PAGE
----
Imagine merging 11 companies’ IT departments, creating a standard communications platform that can withstand battlefield conditions, and launching an SOA effort all at the same time. And having it in operation just two years later. That was the challenge Robert Gourley faced as CTO of the Defense Intelligence Agency (DIA), which gathers, analyzes, coordinates, and distributes intelligence data for the U.S. armed forces and in partnership with various civilian spy agencies.
When he joined the DIA, it served as a coordinating agency, with IT for each branch of the armed forces and other intelligence organizations managed locally. “Decision makers were spending too much time around their systems and IT, and not enough on their actual job,” Gourley recalls.
An incompatible collection of overlapping systems was a major reason for this problem: Secure phones weren’t compatible, restricting who could call whom. Analysts needed a separate computer for each security level they had access to, so information could not cross the lines among top secret, secret, and nonsecret — making management a nightmare. Worse, access and communications directories were scattered, so communications were often blocked because directories didn’t recognize all parties.
It was no secret that this collection of IT silos was not supporting the post-9/11 mission, so in 2003 the idea arose of combining them all into one centrally managed system with a joint CIO. The plan was approved in April 2005. As CTO, Gourley faced the task of merging all of the IT operations into one group, under the CIO, and defining the technical architecture, standards, and toolset.
But the staff wasn’t transferred until October 2006, so his efforts were largely limited to planning and proselytizing. That turned out to be very useful because it gave Gourley time to hammer home the priorities and how the changes support them. “By staying on those priorities, it helped us all sing from the same sheet of music,” Gourley says.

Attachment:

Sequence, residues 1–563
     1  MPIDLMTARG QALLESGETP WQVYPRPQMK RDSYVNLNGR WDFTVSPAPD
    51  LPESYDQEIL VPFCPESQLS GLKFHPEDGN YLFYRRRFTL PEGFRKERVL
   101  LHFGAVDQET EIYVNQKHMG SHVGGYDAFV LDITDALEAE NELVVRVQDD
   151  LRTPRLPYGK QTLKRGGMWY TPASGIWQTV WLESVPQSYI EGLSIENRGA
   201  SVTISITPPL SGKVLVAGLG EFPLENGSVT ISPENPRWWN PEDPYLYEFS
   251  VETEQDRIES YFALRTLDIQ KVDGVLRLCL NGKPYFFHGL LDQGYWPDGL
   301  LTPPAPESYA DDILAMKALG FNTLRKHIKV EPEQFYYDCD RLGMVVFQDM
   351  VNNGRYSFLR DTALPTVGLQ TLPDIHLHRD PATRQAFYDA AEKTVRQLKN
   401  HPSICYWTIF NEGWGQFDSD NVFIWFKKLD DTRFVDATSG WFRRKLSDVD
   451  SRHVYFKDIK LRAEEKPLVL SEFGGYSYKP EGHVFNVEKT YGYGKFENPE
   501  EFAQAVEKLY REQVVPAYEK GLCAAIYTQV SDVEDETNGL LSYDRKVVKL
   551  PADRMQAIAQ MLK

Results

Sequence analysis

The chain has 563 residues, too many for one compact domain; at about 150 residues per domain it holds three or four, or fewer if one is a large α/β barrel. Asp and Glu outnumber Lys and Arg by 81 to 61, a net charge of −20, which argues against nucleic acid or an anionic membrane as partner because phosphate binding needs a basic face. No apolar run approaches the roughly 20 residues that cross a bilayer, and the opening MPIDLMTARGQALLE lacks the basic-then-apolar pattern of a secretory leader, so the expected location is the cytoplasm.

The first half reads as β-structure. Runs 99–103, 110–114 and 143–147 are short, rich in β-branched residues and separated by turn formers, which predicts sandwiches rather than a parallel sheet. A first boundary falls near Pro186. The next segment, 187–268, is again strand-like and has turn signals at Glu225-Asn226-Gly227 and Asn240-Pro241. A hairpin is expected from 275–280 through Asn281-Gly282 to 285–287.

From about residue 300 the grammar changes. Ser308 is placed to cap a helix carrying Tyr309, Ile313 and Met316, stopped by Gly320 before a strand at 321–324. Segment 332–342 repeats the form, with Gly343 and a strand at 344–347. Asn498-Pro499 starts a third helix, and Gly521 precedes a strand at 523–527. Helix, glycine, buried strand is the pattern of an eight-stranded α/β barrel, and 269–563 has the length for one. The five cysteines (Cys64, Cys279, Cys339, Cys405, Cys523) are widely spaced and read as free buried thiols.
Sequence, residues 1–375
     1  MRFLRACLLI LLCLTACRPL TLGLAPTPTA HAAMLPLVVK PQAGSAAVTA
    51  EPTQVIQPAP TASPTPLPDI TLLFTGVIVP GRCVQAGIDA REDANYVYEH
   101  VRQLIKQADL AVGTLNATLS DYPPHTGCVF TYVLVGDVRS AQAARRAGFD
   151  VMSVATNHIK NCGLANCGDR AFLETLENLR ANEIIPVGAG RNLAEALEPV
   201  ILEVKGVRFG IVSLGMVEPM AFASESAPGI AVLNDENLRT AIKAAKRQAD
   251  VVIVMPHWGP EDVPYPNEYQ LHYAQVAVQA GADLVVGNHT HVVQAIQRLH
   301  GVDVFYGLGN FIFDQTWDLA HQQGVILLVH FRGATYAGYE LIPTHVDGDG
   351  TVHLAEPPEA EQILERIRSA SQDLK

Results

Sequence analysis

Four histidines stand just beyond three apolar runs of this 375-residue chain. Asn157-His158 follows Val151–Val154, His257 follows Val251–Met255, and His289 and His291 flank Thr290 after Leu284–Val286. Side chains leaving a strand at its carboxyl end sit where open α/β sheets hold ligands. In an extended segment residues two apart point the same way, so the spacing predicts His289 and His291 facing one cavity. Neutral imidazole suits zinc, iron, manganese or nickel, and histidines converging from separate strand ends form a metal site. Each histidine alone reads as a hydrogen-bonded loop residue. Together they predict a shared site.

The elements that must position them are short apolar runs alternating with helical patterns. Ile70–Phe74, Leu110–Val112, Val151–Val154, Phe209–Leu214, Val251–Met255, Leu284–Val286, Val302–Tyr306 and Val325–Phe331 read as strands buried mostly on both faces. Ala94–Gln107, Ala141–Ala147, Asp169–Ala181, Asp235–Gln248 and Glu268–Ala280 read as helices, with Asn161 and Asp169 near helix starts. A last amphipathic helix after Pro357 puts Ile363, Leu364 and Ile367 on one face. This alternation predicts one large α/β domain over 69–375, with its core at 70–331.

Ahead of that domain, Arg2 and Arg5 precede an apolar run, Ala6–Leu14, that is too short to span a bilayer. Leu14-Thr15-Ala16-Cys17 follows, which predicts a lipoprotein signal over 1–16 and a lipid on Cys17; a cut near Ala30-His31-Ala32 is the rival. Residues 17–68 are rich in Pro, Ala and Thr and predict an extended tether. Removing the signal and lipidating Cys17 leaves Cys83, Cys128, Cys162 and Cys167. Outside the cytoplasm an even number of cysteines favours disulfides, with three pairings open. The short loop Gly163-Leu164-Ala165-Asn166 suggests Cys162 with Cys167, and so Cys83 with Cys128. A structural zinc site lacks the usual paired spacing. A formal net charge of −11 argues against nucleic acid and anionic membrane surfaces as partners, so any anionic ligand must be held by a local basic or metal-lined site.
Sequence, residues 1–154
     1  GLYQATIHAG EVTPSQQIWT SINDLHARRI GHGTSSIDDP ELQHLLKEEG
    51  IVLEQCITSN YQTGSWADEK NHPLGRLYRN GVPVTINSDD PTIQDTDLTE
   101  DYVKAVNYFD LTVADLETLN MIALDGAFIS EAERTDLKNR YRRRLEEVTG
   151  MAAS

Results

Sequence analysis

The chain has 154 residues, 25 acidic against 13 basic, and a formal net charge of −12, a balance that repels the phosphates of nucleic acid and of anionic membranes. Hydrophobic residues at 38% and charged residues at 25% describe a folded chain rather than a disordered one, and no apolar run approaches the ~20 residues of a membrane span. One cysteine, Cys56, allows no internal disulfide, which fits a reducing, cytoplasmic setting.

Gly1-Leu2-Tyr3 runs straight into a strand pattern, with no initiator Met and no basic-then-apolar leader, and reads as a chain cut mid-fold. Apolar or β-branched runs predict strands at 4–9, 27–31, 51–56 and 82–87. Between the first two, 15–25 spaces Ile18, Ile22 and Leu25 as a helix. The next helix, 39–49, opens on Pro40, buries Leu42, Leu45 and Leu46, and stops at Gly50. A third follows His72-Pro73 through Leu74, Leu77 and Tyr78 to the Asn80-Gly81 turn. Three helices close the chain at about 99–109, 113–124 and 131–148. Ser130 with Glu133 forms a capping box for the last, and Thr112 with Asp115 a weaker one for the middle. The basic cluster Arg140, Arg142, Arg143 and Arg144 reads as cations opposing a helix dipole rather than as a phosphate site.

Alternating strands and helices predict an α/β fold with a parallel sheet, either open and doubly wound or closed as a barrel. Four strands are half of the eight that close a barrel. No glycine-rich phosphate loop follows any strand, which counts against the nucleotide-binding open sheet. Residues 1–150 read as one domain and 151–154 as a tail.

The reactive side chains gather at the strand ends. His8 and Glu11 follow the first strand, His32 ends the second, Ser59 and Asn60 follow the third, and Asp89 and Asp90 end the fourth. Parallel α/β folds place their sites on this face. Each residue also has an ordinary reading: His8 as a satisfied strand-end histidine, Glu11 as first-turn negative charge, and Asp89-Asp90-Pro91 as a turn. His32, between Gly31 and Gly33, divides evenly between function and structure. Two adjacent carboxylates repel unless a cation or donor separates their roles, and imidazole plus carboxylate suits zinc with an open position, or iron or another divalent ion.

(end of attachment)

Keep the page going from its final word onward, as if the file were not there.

When the staff finally arrived, Gourley got rolling. Where possible, he reused existing equipment and technology, such as the VoIP handsets. But he forced everyone to use the same VoIP network. “That switch was painful for a while,” he recalls, because it worked differently than people were used to. On the other hand, everyone could now talk to everyone else, “whether from the President’s desk in the White House to a tent in the desert,” Gourley says.
The use of new technology also forced a change in testing, which had been unnecessarily laborious in some cases. Gourley altered the development process to include an upfront risk assessment, so low-risk projects could be deployed quickly and get tested in the field. That runs counter to defense culture, but because everything travels over highly secure core systems and networks, it was a risk the DIA could responsibly take. And Gourley ensured the proper governance was in place so that people wouldn’t get sloppy. Projects that don’t go through the upfront risk assessment, for example, can’t be tested or fielded, period.
Because Gourley and his team had to figure out a standard, common technology architecture to achieve the integration goals — as well as the governance for their deployment and the interaction of their components — they could also adopt an SOA approach and design the infrastructure to support services, both newly developed ones and wrappers around existing technology.
The SOA effort is hardly complete, but the architecture is in place to ensure that technology adopted in the future will remain compatible and be more easily deployed. Plus, it’s given other agencies, such as the National Geospatial Agency that does mapping in support of intelligence activities, a platform to which to align their efforts, helping encourage IT collaboration beyond the DIA itself.